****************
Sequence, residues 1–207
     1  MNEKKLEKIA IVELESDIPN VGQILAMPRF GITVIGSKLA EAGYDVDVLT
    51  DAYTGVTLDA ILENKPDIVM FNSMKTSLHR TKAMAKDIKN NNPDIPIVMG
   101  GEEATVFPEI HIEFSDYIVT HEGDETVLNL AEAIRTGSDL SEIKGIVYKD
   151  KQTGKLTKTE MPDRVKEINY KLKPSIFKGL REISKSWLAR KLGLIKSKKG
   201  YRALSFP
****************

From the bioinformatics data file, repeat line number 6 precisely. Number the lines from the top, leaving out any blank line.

   201  YRALSFP